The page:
Full Text Available This paper describes and interprets a well-preserved early Thule semi-subterranean dwelling from Cape Espenberg, Alaska. The house architecture is similar in many respects to other early Thule dwellings with a sub-rectangular main room, long sunken entrance tunnel, and associated kitchen area. However, the presence of narrow side benches and associated flooring differences adds significantly to the variability present in Thule house form. Radiocarbon dates indicate occupations spanning 1300 to 1450 cal CE. Wood analysis suggests that the house underwent at least one rebuilding episode, which seems to have extended the house occupation into the early 15th century. People acquired mostly small seals for their subsistence, but supplemented their diets in the spring and fall with migrating birds, fish, terrestrial mammals, and other marine mammals. This house represents a fairly typical early Thule coastal winter occupation, but careful excavation of a well-preserved house reveals interesting details in house form, wood use, and subsistence patterns.

  13. Disseminated intravascular coagulation or acute coagulopathy of trauma shock early after trauma? A prospective observational study

    DEFF Research Database (Denmark)

    Johansson, Per Ingemar; Sorensen, Anne Marie; Perner, Anders

    2011-01-01

    ABSTRACT: INTRODUCTION: It is debated whether the early trauma induced coagulopathy (TIC) in severely injured patients reflects disseminated intravascular coagulation (DIC) with a fibrinolytic phenotype, acute coagulopathy of trauma shock (ACoTS) or yet other entities. This study investigated the...

  14. The potential role of real-time geodetic observations in tsunami early warning

    Science.gov (United States)

    Tinti, Stefano; Armigliato, Alberto

    2016-04-01

    Tsunami warning systems (TWS) have the final goal to launch a reliable alert of an incoming dangerous tsunami to coastal population early enough to allow people to flee from the shore and coastal areas according to some evacuation plans. In the last decade, especially after the catastrophic 2004 Boxing Day tsunami in the Indian Ocean, much attention has been given to filling gaps in the existing TWSs (only covering the Pacific Ocean at that time) and to establishing new TWSs in ocean regions that were uncovered. Typically, TWSs operating today work only on earthquake-induced tsunamis. TWSs estimate quickly earthquake location and size by real-time processing seismic signals; on the basis of some pre-defined "static" procedures (either based on decision matrices or on pre-archived tsunami simulations), assess the tsunami alert level on a large regional scale and issue specific bulletins to a pre-selected recipients audience. Not unfrequently these procedures result in generic alert messages with little value. What usually operative TWSs do not do, is to compute earthquake focal mechanism, to calculate the co-seismic sea-floor displacement, to assess the initial tsunami conditions, to input these data into tsunami simulation models and to compute tsunami propagation up to the threatened coastal districts. This series of steps is considered nowadays too time consuming to provide the required timely alert. An equivalent series of steps could start from the same premises (earthquake focal parameters) and reach the same result (tsunami height at target coastal areas) by replacing the intermediate steps of real-time tsunami simulations with proper selection from a large archive of pre-computed tsunami scenarios. The advantage of real-time simulations and of archived scenarios selection is that estimates are tailored to the specific occurring tsunami and alert can be more detailed (less generic) and appropriate for local needs. Both these procedures are still at an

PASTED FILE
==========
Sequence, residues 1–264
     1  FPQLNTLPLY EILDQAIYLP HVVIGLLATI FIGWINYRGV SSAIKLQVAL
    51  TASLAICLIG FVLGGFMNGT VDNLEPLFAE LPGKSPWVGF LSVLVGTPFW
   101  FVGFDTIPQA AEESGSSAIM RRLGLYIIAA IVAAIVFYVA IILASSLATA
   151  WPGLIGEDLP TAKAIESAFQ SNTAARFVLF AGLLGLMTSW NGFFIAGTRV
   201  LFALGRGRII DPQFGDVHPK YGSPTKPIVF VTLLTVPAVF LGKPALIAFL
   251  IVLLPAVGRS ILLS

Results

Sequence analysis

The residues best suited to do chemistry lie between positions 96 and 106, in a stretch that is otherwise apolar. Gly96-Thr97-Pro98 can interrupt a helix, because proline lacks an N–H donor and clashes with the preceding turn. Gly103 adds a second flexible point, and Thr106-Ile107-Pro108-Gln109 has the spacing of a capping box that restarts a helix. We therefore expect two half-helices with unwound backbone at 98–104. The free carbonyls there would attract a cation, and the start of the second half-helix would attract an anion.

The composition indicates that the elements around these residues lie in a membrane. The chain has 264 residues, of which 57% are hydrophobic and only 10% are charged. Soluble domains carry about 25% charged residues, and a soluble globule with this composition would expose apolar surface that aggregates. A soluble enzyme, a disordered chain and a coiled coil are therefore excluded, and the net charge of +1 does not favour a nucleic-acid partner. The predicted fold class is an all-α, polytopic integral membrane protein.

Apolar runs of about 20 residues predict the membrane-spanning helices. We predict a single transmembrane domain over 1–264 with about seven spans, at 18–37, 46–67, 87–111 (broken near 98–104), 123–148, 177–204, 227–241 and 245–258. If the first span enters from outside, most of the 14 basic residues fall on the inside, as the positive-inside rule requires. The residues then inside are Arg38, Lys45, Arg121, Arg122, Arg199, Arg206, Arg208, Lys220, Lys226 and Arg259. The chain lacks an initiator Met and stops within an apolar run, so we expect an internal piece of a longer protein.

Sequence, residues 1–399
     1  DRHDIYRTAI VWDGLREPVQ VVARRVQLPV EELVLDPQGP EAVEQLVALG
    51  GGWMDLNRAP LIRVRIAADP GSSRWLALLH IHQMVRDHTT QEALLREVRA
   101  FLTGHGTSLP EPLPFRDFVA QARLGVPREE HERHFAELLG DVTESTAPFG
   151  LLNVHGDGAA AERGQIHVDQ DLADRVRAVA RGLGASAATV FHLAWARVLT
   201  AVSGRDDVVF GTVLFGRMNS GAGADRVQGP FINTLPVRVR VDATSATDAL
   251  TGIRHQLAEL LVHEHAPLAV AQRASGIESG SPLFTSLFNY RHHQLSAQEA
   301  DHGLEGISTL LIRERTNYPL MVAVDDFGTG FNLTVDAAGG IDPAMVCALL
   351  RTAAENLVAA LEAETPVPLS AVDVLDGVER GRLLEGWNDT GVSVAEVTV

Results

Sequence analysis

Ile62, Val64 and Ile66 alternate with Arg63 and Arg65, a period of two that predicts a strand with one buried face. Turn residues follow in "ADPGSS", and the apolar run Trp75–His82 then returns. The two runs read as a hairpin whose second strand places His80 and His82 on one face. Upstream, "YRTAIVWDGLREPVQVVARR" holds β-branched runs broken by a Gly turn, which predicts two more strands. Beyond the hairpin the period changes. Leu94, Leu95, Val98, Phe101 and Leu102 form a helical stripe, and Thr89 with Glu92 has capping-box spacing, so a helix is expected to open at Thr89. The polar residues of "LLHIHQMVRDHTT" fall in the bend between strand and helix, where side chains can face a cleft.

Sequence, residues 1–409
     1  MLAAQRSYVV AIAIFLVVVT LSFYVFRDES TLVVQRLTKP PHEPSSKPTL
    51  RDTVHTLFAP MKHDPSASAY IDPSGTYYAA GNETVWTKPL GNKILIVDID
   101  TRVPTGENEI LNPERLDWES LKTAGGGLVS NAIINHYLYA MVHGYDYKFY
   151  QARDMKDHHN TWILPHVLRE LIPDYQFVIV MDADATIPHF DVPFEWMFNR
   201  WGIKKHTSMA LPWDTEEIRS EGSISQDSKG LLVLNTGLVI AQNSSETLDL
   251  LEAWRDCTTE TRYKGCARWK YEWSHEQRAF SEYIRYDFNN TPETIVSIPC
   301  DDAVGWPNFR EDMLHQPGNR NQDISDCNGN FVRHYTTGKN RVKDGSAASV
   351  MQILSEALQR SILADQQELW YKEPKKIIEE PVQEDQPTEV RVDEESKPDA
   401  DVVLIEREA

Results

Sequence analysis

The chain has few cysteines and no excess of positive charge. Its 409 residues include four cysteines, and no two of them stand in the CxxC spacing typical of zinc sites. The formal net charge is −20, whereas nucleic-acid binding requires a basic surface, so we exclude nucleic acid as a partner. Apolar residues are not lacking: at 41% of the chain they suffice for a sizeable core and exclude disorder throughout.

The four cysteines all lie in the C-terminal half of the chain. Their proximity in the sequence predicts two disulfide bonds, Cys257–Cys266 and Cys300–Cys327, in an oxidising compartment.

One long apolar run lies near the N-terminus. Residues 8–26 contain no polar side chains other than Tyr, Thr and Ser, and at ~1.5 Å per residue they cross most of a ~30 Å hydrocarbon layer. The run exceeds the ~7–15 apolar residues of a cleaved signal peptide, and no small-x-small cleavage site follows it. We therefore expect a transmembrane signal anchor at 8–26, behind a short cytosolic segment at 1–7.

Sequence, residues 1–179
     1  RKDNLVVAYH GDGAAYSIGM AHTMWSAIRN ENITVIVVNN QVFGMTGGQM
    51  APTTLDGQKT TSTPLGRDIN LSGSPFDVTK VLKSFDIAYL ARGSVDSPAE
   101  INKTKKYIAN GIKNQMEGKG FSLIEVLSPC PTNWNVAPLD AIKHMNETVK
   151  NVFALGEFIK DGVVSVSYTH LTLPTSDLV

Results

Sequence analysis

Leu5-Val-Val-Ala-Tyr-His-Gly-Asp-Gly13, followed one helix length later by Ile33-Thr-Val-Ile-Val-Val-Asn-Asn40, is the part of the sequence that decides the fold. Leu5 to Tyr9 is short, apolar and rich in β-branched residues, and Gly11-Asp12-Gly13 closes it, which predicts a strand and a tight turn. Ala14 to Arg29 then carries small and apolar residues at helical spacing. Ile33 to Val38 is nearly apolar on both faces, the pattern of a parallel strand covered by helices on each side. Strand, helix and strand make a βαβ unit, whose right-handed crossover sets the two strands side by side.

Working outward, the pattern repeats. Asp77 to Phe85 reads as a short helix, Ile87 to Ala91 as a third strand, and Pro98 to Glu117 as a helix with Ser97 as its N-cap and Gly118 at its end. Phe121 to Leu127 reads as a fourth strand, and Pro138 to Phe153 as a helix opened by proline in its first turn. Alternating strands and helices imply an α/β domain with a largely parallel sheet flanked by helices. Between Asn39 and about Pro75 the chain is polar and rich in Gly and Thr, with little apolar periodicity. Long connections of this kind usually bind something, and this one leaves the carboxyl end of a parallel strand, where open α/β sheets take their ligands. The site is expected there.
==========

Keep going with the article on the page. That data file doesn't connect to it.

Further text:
15. A different view on the checkerboard? Alterations in early and late visually evoked EEG potentials in Asperger observers.

    Directory of Open Access Journals (Sweden)

    Juergen Kornmeier